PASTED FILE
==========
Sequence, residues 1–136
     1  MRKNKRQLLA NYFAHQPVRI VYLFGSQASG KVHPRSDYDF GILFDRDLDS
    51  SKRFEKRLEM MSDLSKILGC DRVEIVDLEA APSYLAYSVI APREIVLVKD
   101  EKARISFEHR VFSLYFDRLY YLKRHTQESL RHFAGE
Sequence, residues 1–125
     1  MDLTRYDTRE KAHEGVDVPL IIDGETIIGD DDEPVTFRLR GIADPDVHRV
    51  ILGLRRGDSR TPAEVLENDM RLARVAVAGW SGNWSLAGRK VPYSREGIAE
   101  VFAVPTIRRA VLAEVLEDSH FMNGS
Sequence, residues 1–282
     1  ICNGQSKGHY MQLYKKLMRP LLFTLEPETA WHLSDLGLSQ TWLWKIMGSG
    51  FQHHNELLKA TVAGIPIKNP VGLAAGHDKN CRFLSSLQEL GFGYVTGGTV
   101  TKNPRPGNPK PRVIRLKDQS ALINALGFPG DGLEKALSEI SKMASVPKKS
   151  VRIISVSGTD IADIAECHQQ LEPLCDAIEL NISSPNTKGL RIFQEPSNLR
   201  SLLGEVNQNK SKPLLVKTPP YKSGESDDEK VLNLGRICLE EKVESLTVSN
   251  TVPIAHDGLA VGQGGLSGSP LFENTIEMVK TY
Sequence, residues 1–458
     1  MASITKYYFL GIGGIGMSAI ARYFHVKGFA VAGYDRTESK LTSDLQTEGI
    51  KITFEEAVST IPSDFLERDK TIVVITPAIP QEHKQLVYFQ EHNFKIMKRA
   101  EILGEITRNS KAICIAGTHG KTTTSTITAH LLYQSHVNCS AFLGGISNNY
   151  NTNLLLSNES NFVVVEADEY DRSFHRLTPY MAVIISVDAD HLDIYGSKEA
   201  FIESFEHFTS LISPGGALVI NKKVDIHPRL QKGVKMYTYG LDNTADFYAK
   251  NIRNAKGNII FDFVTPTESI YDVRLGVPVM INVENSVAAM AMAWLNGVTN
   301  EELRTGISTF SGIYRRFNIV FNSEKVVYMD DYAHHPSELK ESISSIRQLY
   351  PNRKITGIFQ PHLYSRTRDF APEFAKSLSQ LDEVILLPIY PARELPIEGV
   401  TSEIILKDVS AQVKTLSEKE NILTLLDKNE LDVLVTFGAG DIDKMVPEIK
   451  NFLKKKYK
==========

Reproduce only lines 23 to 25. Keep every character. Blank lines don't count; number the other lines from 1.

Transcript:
   301  EELRTGISTF SGIYRRFNIV FNSEKVVYMD DYAHHPSELK ESISSIRQLY
   351  PNRKITGIFQ PHLYSRTRDF APEFAKSLSQ LDEVILLPIY PARELPIEGV
   401  TSEIILKDVS AQVKTLSEKE NILTLLDKNE LDVLVTFGAG DIDKMVPEIK